At the very heart of our work, our ethos, is the desire to facilitate those we support to recover their voice. Their right to be heard and understood.
Being heard is so close to being loved that, for the average person, they are almost indistinguishable. –David Augsberger
We take our voice, our opinion, our choices, for granted. We eloquently express our needs and our viewpoints and know that we are listened to, that the other person ‘gets us.’ The notion that we could be spoken for and on behalf of, that our voice translates not into our wishes but into something that the listener interprets for us, is reprehensible to you and I.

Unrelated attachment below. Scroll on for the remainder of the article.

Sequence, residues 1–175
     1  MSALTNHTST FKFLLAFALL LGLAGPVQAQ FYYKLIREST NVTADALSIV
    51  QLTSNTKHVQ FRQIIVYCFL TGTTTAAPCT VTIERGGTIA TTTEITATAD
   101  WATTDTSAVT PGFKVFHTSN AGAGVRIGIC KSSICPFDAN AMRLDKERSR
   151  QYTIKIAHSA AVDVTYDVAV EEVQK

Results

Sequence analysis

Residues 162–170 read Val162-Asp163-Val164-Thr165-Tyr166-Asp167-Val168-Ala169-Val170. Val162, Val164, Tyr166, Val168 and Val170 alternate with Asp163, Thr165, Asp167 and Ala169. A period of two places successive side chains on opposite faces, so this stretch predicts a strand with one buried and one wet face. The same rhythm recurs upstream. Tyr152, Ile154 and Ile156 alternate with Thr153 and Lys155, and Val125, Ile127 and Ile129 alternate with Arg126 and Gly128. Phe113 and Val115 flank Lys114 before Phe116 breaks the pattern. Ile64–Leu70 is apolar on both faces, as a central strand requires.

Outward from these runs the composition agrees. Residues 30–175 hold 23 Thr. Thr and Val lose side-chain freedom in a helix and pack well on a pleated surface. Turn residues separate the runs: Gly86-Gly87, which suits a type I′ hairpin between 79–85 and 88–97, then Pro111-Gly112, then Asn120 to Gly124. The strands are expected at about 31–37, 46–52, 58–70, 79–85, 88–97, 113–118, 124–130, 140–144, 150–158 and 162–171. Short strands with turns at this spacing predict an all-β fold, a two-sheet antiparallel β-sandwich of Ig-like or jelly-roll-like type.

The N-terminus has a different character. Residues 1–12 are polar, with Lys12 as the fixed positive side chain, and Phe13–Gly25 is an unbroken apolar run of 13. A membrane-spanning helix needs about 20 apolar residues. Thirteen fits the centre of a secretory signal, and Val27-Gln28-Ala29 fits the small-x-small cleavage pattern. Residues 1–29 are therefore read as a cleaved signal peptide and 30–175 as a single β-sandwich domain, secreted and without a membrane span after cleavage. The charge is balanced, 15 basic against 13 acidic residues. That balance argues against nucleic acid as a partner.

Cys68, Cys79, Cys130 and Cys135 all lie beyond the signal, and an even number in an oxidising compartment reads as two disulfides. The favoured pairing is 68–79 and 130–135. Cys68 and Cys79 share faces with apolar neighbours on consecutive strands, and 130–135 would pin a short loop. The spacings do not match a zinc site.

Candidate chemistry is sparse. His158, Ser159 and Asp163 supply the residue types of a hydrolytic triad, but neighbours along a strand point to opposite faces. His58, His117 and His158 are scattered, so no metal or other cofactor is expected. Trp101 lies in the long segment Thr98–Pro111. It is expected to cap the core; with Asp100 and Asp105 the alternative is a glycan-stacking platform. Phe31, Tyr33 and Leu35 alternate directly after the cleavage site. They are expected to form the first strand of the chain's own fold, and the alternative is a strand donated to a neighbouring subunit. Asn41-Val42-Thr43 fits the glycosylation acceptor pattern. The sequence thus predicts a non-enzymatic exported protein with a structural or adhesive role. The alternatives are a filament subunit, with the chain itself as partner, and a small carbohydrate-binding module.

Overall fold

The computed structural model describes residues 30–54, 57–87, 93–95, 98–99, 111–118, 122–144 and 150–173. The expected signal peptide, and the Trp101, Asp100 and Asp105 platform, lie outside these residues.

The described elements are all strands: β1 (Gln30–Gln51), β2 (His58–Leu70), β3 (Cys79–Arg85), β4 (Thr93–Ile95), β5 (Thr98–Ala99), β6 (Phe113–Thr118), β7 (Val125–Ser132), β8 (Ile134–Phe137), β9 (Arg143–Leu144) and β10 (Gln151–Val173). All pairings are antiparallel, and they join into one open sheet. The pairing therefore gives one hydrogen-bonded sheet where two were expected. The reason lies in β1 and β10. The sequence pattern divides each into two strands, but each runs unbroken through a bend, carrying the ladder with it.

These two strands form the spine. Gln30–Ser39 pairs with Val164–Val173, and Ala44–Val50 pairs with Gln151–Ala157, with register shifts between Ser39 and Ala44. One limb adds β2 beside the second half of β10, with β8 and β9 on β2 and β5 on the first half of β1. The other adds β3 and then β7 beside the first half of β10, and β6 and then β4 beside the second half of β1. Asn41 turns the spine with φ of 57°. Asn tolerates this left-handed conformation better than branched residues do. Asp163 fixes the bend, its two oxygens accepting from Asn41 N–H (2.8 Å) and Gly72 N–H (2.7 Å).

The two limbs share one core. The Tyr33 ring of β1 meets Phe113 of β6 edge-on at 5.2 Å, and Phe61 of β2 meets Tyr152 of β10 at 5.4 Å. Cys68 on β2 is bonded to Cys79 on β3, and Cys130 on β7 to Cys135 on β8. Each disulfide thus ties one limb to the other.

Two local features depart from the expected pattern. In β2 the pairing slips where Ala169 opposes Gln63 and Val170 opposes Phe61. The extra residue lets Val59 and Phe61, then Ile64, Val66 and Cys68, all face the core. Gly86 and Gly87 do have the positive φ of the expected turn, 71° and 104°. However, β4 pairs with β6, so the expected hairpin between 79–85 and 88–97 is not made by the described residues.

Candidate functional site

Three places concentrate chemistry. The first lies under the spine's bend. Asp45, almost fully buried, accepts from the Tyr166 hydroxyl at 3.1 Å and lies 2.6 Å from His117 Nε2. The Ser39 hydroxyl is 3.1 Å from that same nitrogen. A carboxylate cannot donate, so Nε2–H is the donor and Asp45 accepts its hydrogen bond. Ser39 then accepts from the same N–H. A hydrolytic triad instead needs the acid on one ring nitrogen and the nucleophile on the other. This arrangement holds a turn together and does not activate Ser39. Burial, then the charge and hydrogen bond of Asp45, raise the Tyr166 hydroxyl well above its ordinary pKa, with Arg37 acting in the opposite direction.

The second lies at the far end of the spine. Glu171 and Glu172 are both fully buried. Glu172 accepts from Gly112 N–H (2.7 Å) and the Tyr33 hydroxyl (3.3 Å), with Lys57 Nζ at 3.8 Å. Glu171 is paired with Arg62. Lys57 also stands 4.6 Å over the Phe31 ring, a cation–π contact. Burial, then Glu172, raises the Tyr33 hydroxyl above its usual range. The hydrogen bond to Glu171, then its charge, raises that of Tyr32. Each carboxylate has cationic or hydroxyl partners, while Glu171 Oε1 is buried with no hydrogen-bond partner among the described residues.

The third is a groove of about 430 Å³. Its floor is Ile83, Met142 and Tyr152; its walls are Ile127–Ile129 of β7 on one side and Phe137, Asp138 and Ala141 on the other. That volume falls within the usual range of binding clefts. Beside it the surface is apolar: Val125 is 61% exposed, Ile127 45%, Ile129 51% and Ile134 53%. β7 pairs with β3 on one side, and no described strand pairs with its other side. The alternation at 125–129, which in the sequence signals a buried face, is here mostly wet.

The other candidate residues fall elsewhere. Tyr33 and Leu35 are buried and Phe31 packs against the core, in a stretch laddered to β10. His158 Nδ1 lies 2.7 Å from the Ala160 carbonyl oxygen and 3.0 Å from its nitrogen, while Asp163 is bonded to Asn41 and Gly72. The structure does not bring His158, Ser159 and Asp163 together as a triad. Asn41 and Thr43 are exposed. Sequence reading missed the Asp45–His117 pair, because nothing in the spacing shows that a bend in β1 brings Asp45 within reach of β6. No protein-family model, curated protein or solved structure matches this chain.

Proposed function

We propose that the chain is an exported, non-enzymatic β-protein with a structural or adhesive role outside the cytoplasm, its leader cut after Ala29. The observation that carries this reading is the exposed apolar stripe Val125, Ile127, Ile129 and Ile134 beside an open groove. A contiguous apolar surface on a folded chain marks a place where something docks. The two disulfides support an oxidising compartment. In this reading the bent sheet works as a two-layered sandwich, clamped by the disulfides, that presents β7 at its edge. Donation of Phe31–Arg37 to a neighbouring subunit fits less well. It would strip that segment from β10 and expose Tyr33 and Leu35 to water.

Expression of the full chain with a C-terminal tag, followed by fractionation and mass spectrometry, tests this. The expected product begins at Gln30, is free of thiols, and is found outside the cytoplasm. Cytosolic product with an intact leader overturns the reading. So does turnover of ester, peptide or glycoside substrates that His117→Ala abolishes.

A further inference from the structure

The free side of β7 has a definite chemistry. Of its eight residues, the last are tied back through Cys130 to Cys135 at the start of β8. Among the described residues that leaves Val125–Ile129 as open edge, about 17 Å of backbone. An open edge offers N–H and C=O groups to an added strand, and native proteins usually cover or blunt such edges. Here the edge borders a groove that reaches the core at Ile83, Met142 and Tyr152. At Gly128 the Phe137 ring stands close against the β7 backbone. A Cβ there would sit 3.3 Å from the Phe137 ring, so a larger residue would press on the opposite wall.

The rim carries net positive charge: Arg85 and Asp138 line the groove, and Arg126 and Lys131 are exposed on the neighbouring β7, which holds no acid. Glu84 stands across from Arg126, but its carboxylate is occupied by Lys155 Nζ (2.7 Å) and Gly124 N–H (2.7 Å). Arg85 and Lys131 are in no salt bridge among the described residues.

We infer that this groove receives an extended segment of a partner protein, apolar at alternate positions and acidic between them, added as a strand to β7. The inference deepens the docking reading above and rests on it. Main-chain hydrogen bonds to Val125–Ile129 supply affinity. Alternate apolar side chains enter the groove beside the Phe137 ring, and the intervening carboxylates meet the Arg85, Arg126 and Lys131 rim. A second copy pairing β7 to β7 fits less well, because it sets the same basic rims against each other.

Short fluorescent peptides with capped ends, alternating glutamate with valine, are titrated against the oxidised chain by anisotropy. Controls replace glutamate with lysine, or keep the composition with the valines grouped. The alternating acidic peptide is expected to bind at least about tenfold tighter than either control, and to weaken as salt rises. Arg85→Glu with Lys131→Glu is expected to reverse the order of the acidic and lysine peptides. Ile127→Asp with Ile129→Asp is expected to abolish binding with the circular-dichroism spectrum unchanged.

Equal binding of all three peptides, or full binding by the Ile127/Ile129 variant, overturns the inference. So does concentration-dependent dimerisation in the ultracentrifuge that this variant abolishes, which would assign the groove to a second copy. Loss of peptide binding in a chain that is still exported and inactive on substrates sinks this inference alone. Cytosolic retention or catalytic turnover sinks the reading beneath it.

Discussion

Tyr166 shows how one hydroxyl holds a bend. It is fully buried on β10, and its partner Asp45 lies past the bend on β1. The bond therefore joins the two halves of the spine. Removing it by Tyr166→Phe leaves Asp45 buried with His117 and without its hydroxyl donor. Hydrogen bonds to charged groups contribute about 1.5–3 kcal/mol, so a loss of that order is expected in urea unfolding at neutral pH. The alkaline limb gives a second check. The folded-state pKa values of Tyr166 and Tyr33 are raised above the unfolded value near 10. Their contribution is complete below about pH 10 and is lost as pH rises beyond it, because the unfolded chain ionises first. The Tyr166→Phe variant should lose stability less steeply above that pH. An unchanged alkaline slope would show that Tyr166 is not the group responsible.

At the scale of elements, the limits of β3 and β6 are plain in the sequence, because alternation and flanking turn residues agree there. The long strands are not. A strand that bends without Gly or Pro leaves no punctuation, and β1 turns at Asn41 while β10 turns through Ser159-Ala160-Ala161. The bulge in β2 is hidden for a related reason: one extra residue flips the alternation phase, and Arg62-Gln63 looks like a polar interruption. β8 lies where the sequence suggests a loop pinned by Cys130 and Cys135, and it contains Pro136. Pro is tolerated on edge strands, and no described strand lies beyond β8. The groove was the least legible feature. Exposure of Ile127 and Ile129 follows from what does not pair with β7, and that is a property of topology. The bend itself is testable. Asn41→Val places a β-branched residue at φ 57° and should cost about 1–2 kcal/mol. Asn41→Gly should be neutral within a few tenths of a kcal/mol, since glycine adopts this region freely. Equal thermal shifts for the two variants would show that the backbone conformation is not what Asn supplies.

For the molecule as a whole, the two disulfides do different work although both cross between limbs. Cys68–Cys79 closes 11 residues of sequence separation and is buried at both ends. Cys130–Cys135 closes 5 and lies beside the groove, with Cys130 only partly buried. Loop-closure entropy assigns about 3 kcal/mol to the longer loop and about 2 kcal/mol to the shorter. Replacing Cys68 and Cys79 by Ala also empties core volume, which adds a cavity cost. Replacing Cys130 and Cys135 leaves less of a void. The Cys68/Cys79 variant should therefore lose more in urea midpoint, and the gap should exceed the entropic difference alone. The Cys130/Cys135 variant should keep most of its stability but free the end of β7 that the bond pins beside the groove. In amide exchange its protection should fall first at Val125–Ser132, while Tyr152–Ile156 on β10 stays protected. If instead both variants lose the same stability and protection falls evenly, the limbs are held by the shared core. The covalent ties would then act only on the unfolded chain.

Historically, there have been many thousands in the UK, millions worldwide, for whom a voice–on thoughts, feelings, needs and interests–has not been afforded them. Today, great strides have been taken in paving a pathway to communication for all. The last decade has seen labels applied less, more creative methods developed to facilitate voice. We have policies that empower and directives that serve to help all to be heard. Technological advances bring us gadgets and widgets and programmes and choice.
And so, we embrace the changes that have transpired in the past and those that are yet to come. The knowledge that we all are heard and understood is really the most fundamental and basic right. Voices may not sound the same. We may not express ourselves in the same way that our peers do, or our carer, our parent or friend but if we are heard then we know we matter.
— Jane Montrose, Managing Director